IDEAS home Printed from https://ideas.repec.org/
MyIDEAS: Log in (now much improved!) to save this paper

Monetary Policy Rules for Financially Vulnerable Economies

  • Eduardo Morón
  • Diego Winkelried

One distinguishable characteristic of emerging market economies is that they are not financially robust. These economies are incapable of smoothing out large external shocks, as sudden capital outflows imply large and abrupt swings in the real exchange rate. Using a small open-economy model, this paper examines alternative monetary policy rules for economies with different degrees of liability dollarization. The paper answers the question of how efficient it is to use inflation targeting under high liability dollarization. Our findings suggest that it might be optimal to follow a nonlinear policy rule that defends the real exchange rate in a financially vulnerable economy.

If you experience problems downloading a file, check if you have the proper application to view it first. In case of further problems read the IDEAS help page. Note that these files are not on the IDEAS site. Please be patient as the files may be large.

File URL: http://www.imf.org/external/pubs/cat/longres.aspx?sk=16141
Download Restriction: no

Paper provided by International Monetary Fund in its series IMF Working Papers with number 03/39.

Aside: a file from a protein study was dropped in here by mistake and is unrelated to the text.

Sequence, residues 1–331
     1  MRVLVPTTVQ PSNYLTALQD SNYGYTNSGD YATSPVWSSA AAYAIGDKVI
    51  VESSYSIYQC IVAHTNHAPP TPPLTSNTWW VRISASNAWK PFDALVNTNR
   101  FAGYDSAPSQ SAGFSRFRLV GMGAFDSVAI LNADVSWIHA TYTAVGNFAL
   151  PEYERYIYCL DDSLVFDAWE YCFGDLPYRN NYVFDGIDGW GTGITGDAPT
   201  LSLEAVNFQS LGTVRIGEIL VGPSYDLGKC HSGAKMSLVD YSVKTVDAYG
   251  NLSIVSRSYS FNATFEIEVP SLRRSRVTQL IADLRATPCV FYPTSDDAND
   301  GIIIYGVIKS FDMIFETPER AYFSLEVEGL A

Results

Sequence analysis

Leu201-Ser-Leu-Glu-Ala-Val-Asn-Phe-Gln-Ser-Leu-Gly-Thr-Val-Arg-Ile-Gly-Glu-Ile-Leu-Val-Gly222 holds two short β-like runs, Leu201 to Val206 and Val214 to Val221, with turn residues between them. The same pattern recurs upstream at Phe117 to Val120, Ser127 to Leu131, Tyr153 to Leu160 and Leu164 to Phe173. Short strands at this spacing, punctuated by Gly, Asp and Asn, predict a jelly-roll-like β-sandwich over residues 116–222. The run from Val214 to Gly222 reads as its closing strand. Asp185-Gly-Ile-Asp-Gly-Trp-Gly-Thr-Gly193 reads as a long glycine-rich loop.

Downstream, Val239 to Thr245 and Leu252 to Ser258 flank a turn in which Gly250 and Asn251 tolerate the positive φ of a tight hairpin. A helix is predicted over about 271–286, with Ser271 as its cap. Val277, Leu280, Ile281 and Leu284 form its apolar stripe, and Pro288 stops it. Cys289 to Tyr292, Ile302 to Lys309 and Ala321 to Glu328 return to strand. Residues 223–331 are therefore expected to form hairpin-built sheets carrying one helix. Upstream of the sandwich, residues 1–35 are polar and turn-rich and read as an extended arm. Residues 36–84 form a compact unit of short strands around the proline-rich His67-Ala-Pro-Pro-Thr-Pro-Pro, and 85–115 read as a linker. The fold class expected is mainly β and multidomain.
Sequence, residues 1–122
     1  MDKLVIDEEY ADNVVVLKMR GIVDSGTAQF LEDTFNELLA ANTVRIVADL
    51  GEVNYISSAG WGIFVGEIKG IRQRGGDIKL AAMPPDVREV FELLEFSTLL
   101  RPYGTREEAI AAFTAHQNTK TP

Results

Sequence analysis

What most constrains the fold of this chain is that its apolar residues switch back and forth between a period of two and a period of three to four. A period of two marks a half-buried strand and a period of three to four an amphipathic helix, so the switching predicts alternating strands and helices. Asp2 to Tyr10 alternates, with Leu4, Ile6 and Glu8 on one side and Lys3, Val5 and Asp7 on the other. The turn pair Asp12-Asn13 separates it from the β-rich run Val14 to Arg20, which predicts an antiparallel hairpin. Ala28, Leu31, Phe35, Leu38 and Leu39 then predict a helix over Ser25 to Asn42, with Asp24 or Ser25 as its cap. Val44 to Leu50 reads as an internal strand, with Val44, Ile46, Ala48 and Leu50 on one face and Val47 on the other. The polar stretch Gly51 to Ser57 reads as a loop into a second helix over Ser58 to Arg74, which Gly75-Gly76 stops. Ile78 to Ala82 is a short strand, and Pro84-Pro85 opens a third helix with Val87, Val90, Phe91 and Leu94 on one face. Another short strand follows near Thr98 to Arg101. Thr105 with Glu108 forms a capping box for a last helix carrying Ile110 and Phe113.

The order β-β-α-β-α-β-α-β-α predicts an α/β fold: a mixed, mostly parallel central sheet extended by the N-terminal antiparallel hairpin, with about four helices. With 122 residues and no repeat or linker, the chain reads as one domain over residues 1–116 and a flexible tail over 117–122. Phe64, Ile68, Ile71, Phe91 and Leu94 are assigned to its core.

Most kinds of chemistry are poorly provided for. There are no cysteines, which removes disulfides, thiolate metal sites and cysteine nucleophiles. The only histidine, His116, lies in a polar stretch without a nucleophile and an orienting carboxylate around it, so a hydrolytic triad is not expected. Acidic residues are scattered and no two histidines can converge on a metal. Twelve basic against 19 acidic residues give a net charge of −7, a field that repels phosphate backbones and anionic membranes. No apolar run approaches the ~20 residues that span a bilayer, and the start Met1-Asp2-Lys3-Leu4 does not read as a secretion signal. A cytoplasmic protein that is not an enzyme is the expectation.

as
in new window

Length: 36
Date of creation: 01 Feb 2003
Date of revision:
Handle: RePEc:imf:imfwpa:03/39
Contact details of provider: Postal:
International Monetary Fund, Washington, DC USA

Phone: (202) 623-7000
Fax: (202) 623-4661
Web page: http://www.imf.org/external/pubind.htm
Email:


More information through EDIRC

Order Information: Web: http://www.imf.org/external/pubs/pubs/ord_info.htm

References listed on IDEAS
Please report citation or reference errors to , or , if you are the registered author of the cited work, log in to your RePEc Author Service profile, click on "citations" and make appropriate adjustments.:

as in new window
  1. Ricardo Hausmann & Ugo Panizza & Ernesto H. Stein, 2000. "Why Do Countries Float the Way They Float?," Research Department Publications 4205, Inter-American Development Bank, Research Department.